QUICK SNAP : LIVE FROM TROMSØ
Here’s a good idea for budding young filmmakers in search of a subject. Pick a familiar job that people are aware of and that don’t ever get treated in films and then make a film about it. That’s what writers and directors Emmanuel Marre and Julie Lecoustre have done in their new film Zero Fucks Given (2021), which we caught at Tromsø International Film Festival.
Adele Exarchopolous plays 26-year-old flight attendant, Cassandre. She’s the one that has to go up and down the aisle of the plane asking: “any drinks, any snacks?”, or tempting you with duty free perfumes and colognes, or worse still telling you that your back doesn’t fit and you’ll have to pay an extra charge. They are the front line troops of the budget airline industry. Paltry paid and badly treated, with a corporate culture of the ‘time to lean, time to clean’ variety. Cassandre spends her hours off partying and swiping her way through Tinder, getting wasted and waking up in strange hotels in hot countries.
But somehow managing to get herself fixed and ready to go, hair tied up, make up on, breath mint sucked and please return your seat to the upright position! It sounds like a great hedonistic lifestyle but there’s a desperation to the partying and the constant dislocation has a frenzied feel. Sure enough it turns out that a tragedy has sent Cassandre on her course, losing herself in the numbing routine and avoiding responsibilities. Despite having been with the company – a Ryanair lookalike called Wings – for several years, she insists on staying as a junior member of the cabin crew.
In fact, it is when she is forced up the career ladder that things begin to unravel. The irony is that it isn’t her partying that threatens to ground her career but rather her empathy for an elderly passenger which leads her to behave with a degree of humanity not sanctioned by the company. Temporarily sent home, she has to confront her family and come to terms with what she left behind.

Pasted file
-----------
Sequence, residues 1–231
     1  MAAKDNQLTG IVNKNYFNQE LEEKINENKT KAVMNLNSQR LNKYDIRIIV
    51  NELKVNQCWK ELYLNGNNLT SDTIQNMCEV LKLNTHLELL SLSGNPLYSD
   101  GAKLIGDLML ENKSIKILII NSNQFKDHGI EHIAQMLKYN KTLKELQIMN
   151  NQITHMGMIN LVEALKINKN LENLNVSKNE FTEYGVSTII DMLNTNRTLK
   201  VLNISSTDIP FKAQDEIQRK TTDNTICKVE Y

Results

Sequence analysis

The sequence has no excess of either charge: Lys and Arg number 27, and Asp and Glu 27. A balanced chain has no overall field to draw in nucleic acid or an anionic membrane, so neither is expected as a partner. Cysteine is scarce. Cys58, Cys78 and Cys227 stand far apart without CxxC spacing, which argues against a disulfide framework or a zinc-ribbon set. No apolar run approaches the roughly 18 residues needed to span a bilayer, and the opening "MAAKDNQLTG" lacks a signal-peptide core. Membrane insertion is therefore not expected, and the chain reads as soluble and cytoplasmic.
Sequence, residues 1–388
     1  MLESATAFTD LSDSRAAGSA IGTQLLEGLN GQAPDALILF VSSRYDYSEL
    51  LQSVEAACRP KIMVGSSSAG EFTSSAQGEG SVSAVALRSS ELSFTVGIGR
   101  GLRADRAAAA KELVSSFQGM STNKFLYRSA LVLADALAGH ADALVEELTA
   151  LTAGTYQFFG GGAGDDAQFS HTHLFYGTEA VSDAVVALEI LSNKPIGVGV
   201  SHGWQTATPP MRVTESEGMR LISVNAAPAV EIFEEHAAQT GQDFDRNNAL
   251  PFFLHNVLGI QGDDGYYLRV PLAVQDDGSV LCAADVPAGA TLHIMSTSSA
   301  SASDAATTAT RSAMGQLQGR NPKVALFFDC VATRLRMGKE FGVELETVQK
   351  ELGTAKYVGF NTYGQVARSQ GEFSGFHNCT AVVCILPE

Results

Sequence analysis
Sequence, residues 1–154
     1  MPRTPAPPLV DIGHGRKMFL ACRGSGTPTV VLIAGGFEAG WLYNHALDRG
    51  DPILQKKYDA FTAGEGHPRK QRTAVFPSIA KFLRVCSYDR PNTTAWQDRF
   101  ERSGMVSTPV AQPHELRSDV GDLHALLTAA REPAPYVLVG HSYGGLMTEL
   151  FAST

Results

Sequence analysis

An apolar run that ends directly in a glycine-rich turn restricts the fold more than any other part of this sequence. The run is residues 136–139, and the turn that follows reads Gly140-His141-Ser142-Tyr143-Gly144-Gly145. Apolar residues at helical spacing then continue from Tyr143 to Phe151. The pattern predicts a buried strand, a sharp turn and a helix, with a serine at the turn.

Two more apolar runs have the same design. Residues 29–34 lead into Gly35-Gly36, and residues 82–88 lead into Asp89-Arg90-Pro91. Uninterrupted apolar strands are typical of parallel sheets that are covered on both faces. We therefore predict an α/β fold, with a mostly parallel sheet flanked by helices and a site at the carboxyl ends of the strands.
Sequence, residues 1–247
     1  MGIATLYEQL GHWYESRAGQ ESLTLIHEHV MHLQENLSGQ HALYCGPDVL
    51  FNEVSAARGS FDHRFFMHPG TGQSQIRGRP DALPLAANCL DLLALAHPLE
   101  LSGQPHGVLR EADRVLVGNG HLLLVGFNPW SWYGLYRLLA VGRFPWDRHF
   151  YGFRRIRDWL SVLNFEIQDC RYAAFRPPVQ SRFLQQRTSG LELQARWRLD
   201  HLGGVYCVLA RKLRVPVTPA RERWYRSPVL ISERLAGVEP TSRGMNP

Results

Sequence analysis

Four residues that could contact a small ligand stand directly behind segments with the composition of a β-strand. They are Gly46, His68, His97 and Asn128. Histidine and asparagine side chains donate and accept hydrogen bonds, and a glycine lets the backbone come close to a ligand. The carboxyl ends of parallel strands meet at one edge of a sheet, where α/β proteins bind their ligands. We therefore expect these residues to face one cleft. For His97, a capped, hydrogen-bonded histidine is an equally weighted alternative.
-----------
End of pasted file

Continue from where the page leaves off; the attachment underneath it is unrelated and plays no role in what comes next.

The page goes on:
No Fucks Given is a film that gives a fuck. The air steward is a perfect example of the modern alienation that is written into the DNA of the service industry. You aren’t simply paid to do a job, but also you have to have an attitude, an emotional state which belongs to the company. You must be cheerful in the face of insults, eager to please, as long as that doesn’t contravene the moneymaking, and you have to shove the sales up which is where the profit margin lies. A job interview has Cassandre having to implicitly give up the right to have a baby or be in a relationship, as well as reveal how she would evade sexual assault. There’s no talk of how she would be protected. The onus is entirely on her.
But at the heart of this character study is Adèle Exarchopoulos’ searing performance. As an actor she has proven herself time and again capable of depicting the raw emotional responses of her roles: see Blue is the Warmest Colour (2013). Here she is as convincing in the ordinary moments as she is in the depths of her despair. She is grief and pain that doesn’t want to reveal itself, even to herself. The most moving scene in the whole film is a phone call about changing a roaming tariff plan. This is the opposite of histrionics.
From a technical aspect, cinematographer Olivier Boonjing follows the main character’s lead in using a mix of camera phone type shakiness and the occasional glimpses of the sublime. The garish nightclubs offer a cheerful vision of hell and soulless news while home is as gray as drizzle. Editor Nicolas Rumpi constantly surprises with his abrupt cuts which emulate the characters own sense of dislocation. This is a fascinating and soulful look at a key figure of our time and, when you next fly, it will make you wonder at the human beings behind the uniforms and bland frozen smiles.
The 32nd Tromsø International Film Festival runs from January 17th to the 23rd. DMovies is reporting live all week!